Toxic positivity is not good for a balanced mind

I’m all for being optimistic - but toxic positivity veers towards being unsafe, so says Psychotherapist BETHAN O’RIORDAN, who shares some advice with people trying to deal with the deluge of positivity posts for 2023
Toxic positivity is not good for a balanced mind

Bethan O’Riordan is a Psychotherapist

IS your social media feed thronged with positivity posts for 2023? Mine too. And I find it really unsettling. There are different types of positivity ranging from a healthy, helpful and realistic positivity to a more unhelpful toxic positivity. The increase in toxic positivity posts is particularly unhelpful because it creates an unreliable gauge of how a person is feeling and doing in their lives which moves people away from really knowing how they’re feeling, who they are and what they might need for life to be okay.

So what is toxic positivity?

It’s all about avoiding anything which could be construed as negative and replacing it with something positive. It’s the replacing bit that is dangerous for us all. One of the most common things I get told in therapy from clients is “I tried to pretend it (a situation/feeling) wasn’t there, but the more I pushed it away, the louder it came back.” It’s at this stage that things become unmanageable. Pushing things away and replacing what’s hard with something nice simply doesn’t work.

Here’s the thing, as humans we are designed to experience suffering. We all have the potential to experience loss, sadness, moods, anxiety, guilt, shame, anger and fear, and we experience these because of the way that we’ve been designed, which isn’t anyone’s fault. 

These important emotions, feelings and states of being are letting us know if we are ok or not. Ignoring them doesn’t do us any justice.

We all experience two languages - the language of logic where things make sense and things fit how we’d like them to, then we have the language of emotions which is our feelings. And when we ignore a part of something which we are feeling on a cellular and emotional level we increase our chances of struggling mentally.


Because we are missing out on the opportunity to create a balanced mind. What creates real mental strength is the cultivation of the skills and qualities it takes for our minds to be flexible and compassionate. For this to happen, all the characters that live inside of us must be given a seat in our minds. When we invite all the parts of ourselves in, we can begin to understand them and figure out what they need so that they don’t run the show.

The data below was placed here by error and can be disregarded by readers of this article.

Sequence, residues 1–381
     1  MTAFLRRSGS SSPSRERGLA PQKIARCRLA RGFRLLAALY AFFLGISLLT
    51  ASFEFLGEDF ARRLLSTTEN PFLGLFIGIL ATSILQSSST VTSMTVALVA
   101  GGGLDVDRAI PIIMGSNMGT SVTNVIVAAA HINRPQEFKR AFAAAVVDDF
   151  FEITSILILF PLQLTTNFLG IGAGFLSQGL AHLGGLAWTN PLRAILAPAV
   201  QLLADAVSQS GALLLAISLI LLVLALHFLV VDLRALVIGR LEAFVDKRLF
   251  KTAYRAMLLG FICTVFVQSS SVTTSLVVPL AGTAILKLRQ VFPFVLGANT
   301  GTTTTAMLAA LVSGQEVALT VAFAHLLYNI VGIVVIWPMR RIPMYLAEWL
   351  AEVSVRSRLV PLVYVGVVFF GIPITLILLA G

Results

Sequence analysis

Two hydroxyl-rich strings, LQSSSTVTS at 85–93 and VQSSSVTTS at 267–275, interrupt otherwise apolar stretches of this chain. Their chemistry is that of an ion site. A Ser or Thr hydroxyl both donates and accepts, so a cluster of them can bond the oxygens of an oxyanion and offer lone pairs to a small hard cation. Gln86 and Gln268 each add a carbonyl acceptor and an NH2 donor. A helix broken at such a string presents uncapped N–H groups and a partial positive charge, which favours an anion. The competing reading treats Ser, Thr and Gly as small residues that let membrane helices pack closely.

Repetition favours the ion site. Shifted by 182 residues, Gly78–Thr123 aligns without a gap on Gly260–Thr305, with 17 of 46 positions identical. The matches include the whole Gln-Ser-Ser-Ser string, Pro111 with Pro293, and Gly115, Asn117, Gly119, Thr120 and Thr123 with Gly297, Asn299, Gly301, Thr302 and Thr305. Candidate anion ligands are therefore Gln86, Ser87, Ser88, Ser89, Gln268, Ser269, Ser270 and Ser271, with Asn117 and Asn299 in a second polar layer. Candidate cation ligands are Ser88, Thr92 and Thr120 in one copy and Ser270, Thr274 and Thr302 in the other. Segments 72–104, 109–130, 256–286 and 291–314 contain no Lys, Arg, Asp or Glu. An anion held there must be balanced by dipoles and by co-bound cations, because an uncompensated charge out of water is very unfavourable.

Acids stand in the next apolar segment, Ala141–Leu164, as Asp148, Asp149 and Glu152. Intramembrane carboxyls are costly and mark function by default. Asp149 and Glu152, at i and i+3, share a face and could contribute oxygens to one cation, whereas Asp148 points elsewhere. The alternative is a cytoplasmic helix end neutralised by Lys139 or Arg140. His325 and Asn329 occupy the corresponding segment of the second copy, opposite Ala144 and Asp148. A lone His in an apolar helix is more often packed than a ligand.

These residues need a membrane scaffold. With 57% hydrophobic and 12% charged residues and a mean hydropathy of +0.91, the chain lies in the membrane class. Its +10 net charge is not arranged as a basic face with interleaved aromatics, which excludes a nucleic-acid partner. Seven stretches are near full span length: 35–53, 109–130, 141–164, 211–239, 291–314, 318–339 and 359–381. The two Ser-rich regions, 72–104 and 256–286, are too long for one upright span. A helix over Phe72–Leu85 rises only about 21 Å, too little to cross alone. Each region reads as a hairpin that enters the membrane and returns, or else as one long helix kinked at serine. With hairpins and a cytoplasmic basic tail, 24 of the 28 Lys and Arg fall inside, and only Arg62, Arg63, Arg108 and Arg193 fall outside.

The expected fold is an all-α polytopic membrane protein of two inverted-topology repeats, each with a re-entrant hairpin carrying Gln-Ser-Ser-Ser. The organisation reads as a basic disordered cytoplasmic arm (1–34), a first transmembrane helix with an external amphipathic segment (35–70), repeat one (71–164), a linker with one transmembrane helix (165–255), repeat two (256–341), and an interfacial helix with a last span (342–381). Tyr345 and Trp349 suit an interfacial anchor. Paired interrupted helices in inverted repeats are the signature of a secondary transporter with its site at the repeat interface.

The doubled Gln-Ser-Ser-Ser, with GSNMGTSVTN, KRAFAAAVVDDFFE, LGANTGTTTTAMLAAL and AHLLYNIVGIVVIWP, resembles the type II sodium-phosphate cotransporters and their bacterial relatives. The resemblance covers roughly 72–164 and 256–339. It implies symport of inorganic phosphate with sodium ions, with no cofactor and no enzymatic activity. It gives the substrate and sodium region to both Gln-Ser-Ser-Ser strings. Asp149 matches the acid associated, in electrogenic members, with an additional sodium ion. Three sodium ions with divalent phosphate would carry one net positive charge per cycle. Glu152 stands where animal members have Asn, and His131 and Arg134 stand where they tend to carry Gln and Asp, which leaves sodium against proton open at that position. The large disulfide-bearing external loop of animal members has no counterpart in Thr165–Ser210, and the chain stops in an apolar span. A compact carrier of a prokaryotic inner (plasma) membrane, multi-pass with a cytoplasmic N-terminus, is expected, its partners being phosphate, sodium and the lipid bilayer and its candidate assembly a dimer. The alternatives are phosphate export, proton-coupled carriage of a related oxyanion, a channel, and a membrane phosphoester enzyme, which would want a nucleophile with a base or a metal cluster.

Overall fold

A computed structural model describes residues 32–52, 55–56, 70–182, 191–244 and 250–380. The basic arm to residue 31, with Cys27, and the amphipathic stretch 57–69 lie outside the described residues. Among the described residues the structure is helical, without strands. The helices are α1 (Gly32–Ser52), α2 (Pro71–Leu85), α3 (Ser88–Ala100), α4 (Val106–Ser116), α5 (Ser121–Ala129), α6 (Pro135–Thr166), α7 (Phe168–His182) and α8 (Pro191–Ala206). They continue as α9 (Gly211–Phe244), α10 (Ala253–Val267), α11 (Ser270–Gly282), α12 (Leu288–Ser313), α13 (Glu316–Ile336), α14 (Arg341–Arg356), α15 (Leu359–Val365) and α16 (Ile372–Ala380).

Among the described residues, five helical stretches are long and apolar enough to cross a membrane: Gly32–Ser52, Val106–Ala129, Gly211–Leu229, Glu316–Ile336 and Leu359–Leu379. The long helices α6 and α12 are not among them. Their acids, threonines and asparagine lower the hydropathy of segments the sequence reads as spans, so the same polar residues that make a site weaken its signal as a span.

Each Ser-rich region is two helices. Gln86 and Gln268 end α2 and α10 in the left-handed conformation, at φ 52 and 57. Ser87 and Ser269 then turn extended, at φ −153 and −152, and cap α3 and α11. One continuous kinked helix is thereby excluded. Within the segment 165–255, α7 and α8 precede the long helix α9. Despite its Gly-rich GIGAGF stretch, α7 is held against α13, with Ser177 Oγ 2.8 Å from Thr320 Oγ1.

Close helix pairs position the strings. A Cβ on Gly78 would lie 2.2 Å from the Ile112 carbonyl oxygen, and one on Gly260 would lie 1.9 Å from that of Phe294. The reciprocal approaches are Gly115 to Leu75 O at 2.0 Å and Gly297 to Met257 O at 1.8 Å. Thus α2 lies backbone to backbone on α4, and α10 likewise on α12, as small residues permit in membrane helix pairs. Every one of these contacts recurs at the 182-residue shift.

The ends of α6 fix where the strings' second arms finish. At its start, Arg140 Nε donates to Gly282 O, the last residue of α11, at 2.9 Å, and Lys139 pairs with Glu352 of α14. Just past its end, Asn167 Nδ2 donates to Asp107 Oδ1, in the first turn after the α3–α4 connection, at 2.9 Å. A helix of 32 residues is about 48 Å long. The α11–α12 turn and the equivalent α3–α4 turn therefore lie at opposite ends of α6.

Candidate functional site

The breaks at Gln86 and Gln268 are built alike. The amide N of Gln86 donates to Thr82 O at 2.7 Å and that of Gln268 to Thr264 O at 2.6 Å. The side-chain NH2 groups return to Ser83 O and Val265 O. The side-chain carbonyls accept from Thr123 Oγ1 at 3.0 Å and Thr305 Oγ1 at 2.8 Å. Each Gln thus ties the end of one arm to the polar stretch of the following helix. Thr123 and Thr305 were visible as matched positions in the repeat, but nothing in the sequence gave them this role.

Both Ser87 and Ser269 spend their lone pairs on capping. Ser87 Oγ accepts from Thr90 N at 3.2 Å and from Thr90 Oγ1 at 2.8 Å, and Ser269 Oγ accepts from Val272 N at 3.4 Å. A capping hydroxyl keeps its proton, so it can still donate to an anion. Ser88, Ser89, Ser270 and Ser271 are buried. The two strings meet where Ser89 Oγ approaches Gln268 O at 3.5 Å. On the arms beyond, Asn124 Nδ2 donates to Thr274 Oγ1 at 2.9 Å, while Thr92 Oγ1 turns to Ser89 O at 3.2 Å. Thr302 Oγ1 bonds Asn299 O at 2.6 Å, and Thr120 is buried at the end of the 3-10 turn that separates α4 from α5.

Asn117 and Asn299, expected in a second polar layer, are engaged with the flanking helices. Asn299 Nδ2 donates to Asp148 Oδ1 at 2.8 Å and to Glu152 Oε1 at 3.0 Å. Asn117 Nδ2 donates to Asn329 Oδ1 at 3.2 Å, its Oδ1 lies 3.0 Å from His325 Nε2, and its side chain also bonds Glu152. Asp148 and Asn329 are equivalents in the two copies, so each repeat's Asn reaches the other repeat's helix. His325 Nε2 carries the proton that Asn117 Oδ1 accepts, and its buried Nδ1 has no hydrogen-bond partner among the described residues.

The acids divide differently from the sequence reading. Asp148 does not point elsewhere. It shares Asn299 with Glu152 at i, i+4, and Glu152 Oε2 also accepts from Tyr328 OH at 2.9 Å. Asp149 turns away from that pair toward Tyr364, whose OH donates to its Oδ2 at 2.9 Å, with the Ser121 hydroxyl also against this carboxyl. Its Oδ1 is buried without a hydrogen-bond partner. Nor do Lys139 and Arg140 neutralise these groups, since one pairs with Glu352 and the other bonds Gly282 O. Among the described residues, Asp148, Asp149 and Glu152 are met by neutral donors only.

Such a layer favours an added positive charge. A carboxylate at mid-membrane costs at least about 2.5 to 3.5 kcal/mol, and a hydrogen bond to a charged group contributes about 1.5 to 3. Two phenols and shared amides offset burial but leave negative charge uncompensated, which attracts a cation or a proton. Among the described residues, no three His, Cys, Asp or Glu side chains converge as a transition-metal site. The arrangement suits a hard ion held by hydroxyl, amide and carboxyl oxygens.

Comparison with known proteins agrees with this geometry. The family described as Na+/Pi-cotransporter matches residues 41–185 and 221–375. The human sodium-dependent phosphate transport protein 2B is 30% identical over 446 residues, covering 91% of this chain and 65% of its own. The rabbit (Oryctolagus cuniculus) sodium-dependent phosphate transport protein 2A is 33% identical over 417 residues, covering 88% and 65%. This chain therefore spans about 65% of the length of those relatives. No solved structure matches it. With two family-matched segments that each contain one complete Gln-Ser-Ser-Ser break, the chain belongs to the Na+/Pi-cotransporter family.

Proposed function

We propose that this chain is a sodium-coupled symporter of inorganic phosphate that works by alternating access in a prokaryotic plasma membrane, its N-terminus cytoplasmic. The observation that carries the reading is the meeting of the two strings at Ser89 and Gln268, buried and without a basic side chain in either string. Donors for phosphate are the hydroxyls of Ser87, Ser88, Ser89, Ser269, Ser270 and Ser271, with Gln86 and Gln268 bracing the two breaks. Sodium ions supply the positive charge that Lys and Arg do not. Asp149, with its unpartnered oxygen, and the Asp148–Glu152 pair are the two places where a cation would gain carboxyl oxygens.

If we replace this process with a simplified “just be positive”, it pays no attention to what’s actually being felt. And it’s in this no-man’s land that the difficult, critical voices are given a space to thrive.

Toxic positivity doesn’t account for so much of what’s important to understand as part of being human and identity creation. Toxic positivity doesn’t allow a difference of opinion, uneasy feelings, feeling unsafe, being undervalued… I could go on.

I’m all for being optimistic, but toxic positivity actually veers towards being unsafe as it stops people tuning into their really important senses of fear, anxiety and overwhelm which are designed to keep us safe. So often on social media I see the antidote being offered for feeling overwhelmed is to remember what you’re grateful for in your life, but this might not allow a person to make practical changes that would help.

We have a gut instinct for a reason, it’s like our spidey senses telling us if things aren’t safe for us and without this things get dangerous. Pretending everything is okay when it’s not, is dangerous emotionally, but can also be dangerous practically too.

So what can we do instead of toxic positivity?

What we want is to create an inner ally, a voice who has our best interests at heart regardless of if we are feeling a little more up or a little more down. A balanced mind has to be realistic too and happens when we pay attention to all of what is going on inside. The most helpful way of doing this is by cultivating a compassionate mind. What this does help is to recognise what’s hard (no pretending life’s a peach) and helps us to cultivate the skills and qualities to do something about it. Imagine that there was a voice inside who was committed to helping you through any problems, had the wisdom to guide you, spoke to you with kindness, warmth, sensitivity and didn’t judge you. 

This is your compassionate inner self, a million miles away from the flaky positivity social media would like us to fall for. This is the most reliable voice, who you can rely on through the ups and downs.

Remember that most of what’s hard in life isn’t a person’s fault. No-one chose the family or life situation they were born into, DNA they’ve inherited or the way our brains are wired for negative emotions which think they’re keeping us safe.

Toxic positivity moves us all away from taking responsibility for what’s hard and if we are collectively trying to create a better world, it starts with us taking responsibility for our bit. The wisdom of compassion will certainly help us to do that.

Bethan O’Riordan is a Psychotherapist and member of the IACP. She runs the Calm Parenting Club and is co-host of The Mum Mind Podcast. If you think you might need to talk to somebody professional, make sure that who you go to is qualified and accredited. has a register of qualified, accredited and experienced counsellors and psychotherapists nationwide.

More in this section

Sponsored Content

Echo 130Echo 130

Podcast: 1000 Cork songs 
Singer/songwriter Jimmy Crowley talks to John Dolan

Listen Here

Add to your home screen - easy access to Cork news, views, sport and more